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Service provider Masergy Communications launched a virtual network functions (VNF) sales portal this month that is designed to make it easier for enterprises to deploy virtualized services across their networks. Customers can use the portal, called Virtual f(n), like an app store, purchasing and downloading the software they want to use. Software-based Brocade routers and Fortinet firewalls are the first products available. A WAN accelerator and session border controller software will be offered later this summer, Masergy said.
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IDC research manager Nav Chander said this model will allow enterprises to spin up new services even in remote branch offices, without installing cumbersome, specialized hardware onsite.
"At the end of the day you don't need an IT staff; you don't need tons of people in those remote offices to know anything about networking anymore," he said.
Chander said Virtual f(n) is unique and that he hasn't seen any other U.S. sites that offer virtualized software on the portal's level. AT&T's Network On Demand, a multi-vendor platform that represents a broad array of products, is not as focused or strategic as Virtual f(n), which is offering a more tightly curated array of VNFs, Chander said.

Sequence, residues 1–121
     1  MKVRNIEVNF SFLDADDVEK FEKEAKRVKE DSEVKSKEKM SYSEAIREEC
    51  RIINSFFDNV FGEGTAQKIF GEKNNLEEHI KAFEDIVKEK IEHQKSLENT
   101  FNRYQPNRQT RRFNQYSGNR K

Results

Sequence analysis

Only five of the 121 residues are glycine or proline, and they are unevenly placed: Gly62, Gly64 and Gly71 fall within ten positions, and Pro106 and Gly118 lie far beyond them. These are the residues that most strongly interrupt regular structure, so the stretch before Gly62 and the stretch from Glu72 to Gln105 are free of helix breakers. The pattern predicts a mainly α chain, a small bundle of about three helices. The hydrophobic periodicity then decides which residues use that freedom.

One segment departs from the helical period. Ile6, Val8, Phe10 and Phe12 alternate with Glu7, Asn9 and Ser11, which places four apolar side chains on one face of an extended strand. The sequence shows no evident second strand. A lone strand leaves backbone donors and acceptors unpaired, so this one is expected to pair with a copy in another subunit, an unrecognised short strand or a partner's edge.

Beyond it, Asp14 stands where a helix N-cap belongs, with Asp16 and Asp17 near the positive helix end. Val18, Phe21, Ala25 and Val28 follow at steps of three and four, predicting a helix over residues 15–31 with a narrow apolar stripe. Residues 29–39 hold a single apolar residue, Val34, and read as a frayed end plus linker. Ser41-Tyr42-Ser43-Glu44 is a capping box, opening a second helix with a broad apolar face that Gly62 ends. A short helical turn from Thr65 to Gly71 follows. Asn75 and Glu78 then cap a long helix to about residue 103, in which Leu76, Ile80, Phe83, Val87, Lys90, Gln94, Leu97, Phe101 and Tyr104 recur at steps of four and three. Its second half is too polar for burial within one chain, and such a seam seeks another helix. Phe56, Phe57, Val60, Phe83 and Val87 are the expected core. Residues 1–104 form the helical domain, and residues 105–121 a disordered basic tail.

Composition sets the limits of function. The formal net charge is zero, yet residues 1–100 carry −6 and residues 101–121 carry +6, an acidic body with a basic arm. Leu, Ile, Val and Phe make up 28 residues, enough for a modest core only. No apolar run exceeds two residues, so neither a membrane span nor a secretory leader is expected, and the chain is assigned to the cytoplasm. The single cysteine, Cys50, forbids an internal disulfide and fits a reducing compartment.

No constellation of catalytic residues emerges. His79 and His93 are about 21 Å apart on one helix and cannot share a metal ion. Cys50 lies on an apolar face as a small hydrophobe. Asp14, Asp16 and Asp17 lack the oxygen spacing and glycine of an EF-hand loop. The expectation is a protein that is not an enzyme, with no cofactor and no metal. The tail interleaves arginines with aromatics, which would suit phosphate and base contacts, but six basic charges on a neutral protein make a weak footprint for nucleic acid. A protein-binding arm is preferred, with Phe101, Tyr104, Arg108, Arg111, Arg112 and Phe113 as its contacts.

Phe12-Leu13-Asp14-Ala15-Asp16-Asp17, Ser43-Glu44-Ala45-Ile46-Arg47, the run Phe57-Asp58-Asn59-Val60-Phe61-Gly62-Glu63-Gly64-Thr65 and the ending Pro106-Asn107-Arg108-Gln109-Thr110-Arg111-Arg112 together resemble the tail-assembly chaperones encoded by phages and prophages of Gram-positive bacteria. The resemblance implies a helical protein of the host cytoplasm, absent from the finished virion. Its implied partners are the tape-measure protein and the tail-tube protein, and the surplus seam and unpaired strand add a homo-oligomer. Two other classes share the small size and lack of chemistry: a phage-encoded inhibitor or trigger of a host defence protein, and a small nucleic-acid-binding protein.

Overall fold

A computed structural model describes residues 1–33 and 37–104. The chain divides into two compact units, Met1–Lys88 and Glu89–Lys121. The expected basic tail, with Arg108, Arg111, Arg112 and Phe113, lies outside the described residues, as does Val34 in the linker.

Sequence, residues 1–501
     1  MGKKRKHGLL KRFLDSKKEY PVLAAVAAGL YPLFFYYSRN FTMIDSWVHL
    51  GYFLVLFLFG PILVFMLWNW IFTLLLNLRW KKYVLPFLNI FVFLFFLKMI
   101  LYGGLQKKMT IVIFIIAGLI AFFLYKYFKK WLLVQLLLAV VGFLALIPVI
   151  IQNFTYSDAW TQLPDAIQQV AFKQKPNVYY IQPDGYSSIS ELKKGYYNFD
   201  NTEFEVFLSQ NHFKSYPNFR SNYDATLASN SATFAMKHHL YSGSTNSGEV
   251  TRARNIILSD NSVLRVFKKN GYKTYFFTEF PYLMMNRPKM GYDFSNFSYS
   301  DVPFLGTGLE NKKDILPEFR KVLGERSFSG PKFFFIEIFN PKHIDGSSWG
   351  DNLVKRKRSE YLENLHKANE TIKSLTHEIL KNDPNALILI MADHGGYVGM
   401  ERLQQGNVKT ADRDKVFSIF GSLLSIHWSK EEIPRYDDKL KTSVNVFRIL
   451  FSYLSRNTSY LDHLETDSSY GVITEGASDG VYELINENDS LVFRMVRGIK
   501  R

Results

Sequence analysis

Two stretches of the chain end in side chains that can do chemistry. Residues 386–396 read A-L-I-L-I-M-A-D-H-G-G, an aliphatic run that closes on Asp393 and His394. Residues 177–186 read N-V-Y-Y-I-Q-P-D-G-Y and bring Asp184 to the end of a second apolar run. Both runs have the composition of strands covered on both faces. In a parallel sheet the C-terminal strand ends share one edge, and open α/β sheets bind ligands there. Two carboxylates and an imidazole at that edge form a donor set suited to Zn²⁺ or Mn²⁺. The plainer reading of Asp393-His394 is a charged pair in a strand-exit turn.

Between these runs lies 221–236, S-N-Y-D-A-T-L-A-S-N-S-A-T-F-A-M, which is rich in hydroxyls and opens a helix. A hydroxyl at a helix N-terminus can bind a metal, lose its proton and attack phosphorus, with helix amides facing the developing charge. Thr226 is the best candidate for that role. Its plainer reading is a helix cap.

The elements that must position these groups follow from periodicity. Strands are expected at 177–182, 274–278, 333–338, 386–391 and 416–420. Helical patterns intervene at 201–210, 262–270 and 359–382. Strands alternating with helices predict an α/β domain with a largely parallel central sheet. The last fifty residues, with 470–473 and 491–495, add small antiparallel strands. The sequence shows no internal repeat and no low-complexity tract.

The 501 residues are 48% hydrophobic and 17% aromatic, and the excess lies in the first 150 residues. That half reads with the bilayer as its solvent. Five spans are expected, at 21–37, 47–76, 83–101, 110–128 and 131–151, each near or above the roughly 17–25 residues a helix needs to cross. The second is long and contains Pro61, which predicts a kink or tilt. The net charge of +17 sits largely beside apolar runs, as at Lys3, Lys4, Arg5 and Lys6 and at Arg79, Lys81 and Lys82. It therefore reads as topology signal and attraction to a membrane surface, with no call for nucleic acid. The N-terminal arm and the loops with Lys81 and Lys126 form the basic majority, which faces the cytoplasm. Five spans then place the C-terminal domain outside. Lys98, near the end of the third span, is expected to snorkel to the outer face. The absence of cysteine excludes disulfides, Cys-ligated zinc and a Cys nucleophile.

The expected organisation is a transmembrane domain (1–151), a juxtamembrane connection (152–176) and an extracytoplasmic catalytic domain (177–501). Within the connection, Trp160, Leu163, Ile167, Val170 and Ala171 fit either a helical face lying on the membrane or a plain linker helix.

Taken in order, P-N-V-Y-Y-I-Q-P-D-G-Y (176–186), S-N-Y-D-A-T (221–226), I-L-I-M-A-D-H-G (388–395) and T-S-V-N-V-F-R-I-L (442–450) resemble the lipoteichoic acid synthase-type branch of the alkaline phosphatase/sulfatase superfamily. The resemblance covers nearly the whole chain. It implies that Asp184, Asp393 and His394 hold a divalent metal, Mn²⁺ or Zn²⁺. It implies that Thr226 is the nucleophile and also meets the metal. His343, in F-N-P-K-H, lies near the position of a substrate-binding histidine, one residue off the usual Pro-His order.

"I think it's a significant accomplishment," he said. "It's not easy to transform these big telcos, or even Masergy, in terms of all of these functional parts of delivering a service … They managed to develop this platform strategy and implement it very quickly."
If Masergy wants to lure enterprise customers, however, Chandler said it needs to prove to both enterprises and software vendors that the NFV platform is flawless from a security standpoint. Enterprises are adopting cloud-based services in growing numbers. However, without the reassurance of a secure environment, they might be slow to replace their networking appliances with software-based applications.
To assuage enterprises' fears, Chander said that Masergy must show them security data, proving that the software-defined applications are as secure as the physical appliances they replace. Some enterprises may still choose to ease into NFV, adopting a mixed environment that includes both virtual network functions and traditional hardware.
"There's going to be sort of a transition there, a hybrid mix of these new virtualized services and legacy equipment," he said.
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